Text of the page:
Talon News - Good Local News



December 28, 2018



Photo and story by Pilar Owens, TALON

Fourteen years ago, Kim Carpenter planned to move from Farmington to Santa Fe for an education job. He had to break the news to his parents. "I saw the heart break in their faces when I told them that we were going to have to take the grandkids and move," recalled Carpenter. He decided to try a career change so he and his family could stay in the area.

"I have an interesting background," said Carpenter, who listed a bachelor's in business management, a master's in human performance, a doctorate in education, and a management development program completed at Harvard as his educational achievements.

Starting in 1988 he spent 17 years working in various positions in higher education--college athletics, professor, administrator. He feels each of his jobs have enriched him.

When Carpenter made the decision to change his career, government seemed natural because his dad had spent 32 years in politics. Initially Carpenter applied for the county's deputy human resources position. However, the interviewer found him to be overqualified for the position.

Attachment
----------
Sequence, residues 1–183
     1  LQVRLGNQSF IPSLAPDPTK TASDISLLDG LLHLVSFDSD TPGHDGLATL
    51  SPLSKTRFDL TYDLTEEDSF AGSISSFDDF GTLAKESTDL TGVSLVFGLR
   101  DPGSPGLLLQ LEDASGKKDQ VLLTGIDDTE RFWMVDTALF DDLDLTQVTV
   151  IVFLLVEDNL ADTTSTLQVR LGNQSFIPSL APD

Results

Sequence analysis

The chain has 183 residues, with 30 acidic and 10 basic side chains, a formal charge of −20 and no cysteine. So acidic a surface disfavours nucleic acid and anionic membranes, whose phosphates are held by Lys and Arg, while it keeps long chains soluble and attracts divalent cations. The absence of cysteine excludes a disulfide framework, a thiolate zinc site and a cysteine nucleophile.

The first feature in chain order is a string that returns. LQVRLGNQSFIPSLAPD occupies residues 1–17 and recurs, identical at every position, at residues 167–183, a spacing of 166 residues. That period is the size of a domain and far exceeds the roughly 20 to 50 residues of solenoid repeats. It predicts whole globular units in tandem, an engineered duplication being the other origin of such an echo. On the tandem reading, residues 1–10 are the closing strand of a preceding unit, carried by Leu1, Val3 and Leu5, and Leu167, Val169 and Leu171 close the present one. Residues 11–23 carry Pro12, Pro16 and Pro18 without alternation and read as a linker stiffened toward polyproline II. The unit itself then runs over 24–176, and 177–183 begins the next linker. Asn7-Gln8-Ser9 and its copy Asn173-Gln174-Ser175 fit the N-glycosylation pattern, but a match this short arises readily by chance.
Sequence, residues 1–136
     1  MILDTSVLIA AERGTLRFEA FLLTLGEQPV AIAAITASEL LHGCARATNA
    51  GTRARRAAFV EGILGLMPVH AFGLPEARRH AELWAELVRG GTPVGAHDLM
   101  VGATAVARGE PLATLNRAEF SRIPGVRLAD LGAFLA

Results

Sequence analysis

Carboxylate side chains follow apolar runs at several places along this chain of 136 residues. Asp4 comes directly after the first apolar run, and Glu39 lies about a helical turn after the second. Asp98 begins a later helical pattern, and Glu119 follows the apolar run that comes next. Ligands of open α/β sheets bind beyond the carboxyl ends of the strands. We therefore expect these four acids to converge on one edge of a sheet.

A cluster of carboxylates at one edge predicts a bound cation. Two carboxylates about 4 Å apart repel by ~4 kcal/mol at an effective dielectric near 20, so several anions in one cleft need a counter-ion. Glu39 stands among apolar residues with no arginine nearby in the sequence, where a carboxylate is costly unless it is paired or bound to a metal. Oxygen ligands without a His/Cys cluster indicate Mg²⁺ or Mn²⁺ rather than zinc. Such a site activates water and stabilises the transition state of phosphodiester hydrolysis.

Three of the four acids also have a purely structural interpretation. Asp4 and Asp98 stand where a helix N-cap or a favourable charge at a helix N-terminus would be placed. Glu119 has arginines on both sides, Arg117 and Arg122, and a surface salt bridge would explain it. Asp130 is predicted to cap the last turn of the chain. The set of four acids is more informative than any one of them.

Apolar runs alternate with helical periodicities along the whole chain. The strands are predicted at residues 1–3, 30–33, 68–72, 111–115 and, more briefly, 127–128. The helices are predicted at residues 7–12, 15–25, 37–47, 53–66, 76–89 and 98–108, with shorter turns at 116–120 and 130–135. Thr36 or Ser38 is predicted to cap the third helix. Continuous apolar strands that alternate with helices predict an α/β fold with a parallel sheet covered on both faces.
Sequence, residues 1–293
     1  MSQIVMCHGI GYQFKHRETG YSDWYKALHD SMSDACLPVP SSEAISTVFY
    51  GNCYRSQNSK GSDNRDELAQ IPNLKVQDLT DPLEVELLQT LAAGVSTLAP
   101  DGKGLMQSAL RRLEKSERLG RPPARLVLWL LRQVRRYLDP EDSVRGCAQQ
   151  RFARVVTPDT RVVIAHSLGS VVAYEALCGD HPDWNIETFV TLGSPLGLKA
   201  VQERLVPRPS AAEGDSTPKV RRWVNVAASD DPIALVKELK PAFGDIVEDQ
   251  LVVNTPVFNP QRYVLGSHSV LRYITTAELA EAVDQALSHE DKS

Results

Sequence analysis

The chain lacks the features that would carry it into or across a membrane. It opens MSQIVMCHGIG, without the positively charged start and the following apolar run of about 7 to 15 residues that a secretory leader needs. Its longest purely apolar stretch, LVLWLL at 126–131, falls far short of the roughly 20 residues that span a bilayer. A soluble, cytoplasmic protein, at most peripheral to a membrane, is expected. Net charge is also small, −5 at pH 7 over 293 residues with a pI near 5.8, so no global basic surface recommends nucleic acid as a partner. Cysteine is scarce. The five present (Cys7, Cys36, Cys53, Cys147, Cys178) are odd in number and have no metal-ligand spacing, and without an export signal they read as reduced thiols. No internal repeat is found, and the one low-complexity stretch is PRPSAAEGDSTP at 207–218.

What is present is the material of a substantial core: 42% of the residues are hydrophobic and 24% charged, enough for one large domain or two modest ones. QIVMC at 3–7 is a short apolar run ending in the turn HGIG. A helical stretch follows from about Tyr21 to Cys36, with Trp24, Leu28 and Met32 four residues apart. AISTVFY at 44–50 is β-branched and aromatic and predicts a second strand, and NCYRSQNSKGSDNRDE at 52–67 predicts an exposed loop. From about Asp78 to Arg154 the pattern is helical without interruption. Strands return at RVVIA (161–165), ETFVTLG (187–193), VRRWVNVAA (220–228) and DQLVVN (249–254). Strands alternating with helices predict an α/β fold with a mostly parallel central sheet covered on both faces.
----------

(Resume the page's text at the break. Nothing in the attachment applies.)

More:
"The next thing you know I got a call and asked if I want to be the deputy county manager, and, here we are."

Now almost 14 years later, Carpenter is retiring from the county. He spent six years as the deputy county manager, and is currently the county executive officer (CEO). During his time as CEO, Carpenter's been part of a number of significant moments. These include receiving 10 Achievement Awards from the National Association of Counties, surviving five states of emergency and a budget cut. "One of my proudest moments as CEO is that we haven't had to lay anybody off. We've not had a cut in services, but we've had a significant reduction in financial budgets."

Retiring County CEO Kim Carpenter -

On instinct, and after considering his options, Carpenter decided to retire from the county, "I felt I've taken the county as far as I can take it. It's been a tireless, endless, challenge, with everything I've endured."

Carpenter's going to miss the people he worked with and the citizens of San Juan County; they've made his job easier and worthwhile.

After his son finishes high school, Carpenter plans to go back to work and relocate to Arizona. But, "(San Juan County) will always be home...No where can you find better weather; no where can you find more energy and commitment from people."

He praised the county commissioners for making the transition in leadership smooth, which was his primary concern when he decided to retire. He also praised incoming CEO Mike Stark. "I know Mike will do a good job." "And I think people should be comfortable to know that the county's in good hands, it really is," added Carpenter.


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